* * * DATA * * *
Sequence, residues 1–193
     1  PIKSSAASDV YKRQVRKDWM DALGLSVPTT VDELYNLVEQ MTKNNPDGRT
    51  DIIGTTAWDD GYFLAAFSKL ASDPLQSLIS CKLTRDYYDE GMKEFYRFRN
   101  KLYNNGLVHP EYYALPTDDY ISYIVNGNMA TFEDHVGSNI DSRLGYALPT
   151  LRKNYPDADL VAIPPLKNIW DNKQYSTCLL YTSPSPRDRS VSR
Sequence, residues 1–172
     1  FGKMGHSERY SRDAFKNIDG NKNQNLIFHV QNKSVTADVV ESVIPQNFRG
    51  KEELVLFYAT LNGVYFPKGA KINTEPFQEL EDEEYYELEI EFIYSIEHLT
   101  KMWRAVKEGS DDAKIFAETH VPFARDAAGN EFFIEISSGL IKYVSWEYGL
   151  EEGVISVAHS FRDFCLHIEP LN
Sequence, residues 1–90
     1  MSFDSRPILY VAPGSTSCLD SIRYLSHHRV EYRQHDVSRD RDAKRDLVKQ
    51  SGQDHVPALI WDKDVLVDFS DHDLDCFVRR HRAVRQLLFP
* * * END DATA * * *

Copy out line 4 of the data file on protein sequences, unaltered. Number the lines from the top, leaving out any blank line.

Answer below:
   101  KLYNNGLVHP EYYALPTDDY ISYIVNGNMA TFEDHVGSNI DSRLGYALPT